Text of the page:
Principals seek parents’ help to lobby legislators for schools

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After a budget forum Monday evening at Agassiz Elementary School, parents sign online petitions and tweet their support for a state school funding bill. | Lauren FitzPatrick/Sun-Times

Nicole Oppenheim cannot imagine her twins starting school next year with 40 classmates at Hawthorne Elementary Scholastic Academy.

If the Chicago Public Schools’ doomsday budget projections become fact in the absence of state aid, schools might have no other choice.

That’s why Oppenheim turned up at a budgetforum Monday night and signed letters to the powerful the House speaker and Senate president, urging them to take action on a state school funding bill before the session ends on May 31.

“I’m not alone in saying we’re all sick and tired of stalling in Springfield, especially on something as important as school funding,” she said after the meeting at Agassiz Elementary School, where principals of fiveNorth Side schools laid out possible effects of cuts and askedparents to lean on lawmakers.

CPS has warned of steep cuts to per-pupil funding levels that likely would result in ballooning class sizes or split grades, and the loss of art and music, Agassiz Principal Mira Weber said.

Schools are hosting forums all week to clue parents in on what proposed budget cuts could look like in individual classrooms. Public meetings are still scheduled to be held at Darwin Elementary, 3116 W. Belmont; Bateman Elementary, 4220 N. Richmond; Palmer Elementary, 5051 N. Kenneth; Taft High School, 6530 W. Bryn Mawr; and the DuSable Campus, 4934 S. Wabash.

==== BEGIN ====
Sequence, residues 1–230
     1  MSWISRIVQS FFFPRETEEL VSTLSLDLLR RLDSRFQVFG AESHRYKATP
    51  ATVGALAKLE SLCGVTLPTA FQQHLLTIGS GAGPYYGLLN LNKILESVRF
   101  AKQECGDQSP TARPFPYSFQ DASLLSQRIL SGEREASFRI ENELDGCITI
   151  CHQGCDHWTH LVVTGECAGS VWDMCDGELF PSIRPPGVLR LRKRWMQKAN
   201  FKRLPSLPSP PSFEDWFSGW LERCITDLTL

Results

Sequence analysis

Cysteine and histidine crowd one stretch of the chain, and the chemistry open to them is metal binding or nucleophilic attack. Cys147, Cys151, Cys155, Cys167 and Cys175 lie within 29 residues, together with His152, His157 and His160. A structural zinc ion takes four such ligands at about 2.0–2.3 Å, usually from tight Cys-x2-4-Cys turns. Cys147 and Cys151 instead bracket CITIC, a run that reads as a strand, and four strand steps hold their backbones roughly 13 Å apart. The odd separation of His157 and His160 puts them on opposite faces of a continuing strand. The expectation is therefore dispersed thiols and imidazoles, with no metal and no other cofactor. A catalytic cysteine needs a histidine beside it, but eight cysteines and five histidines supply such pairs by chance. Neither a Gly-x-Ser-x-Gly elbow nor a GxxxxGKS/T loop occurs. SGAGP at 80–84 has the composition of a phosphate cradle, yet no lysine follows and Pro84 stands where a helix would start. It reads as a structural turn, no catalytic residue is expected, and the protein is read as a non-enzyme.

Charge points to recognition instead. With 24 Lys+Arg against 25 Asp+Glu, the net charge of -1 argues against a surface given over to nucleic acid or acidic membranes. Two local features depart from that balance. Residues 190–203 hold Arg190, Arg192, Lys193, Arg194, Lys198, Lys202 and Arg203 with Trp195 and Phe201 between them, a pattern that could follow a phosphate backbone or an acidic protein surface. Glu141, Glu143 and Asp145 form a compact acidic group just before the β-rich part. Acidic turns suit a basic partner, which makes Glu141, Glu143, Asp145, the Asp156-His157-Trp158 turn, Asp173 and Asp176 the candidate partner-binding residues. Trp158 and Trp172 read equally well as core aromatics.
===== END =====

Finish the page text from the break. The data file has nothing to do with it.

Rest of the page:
“We want to flood them with our voices,” Weber told the crowd of about 150 parents and teachers. “And we cannot stand by and let May 31 come and go without us doing everything we can, and we’re relying on you.”

The principals championed Senate Bill 231, which alreadypassed the Senate with support from CPS and the Chicago Teachers Union, but has yet to be called in the House of Representatives. It would revamp the state’sfunding formula sodistricts with high concentrations of low-income children would receive a greater share of money. It also would help CPS with $200 million of its pension costs — leading critics to call it a “CPS bailout.”

The governor has his own plan to fund schools next year that would cut CPS funding.

CPS released its worst case budget scenario last week to 15 principals. It has not yet shown the rest of the district’s schools how much they’ll have to open their doors in September, and it still wouldn’t say Monday when they’ll find out.

CEO Forrest Claypool, who plans a trip toSpringfield on Thursday, told them that without any financial help from the General Assembly, on average, schools will see cuts for the coming school year amounting to one in every four dollars. That’s partly because a whopping $676 million pension payment is due June 30.

The amount CPS allocates per student is projected to be about 43 percent lower than it was in September— and the only reason schools won’t feel that pinch is that they’ll receive money for their low-income students from federal and state authorities. Charter schools face equalper-pupil funding cuts.

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